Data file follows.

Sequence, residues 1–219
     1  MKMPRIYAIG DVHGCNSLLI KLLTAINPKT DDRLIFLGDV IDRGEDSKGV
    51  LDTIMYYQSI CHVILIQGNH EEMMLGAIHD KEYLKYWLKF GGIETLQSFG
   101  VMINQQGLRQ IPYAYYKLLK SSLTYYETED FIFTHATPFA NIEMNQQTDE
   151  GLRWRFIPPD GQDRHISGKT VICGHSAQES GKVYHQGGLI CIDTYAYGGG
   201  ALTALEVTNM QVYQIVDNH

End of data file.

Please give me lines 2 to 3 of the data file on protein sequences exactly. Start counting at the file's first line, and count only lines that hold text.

     1  MKMPRIYAIG DVHGCNSLLI KLLTAINPKT DDRLIFLGDV IDRGEDSKGV
    51  LDTIMYYQSI CHVILIQGNH EEMMLGAIHD KEYLKYWLKF GGIETLQSFG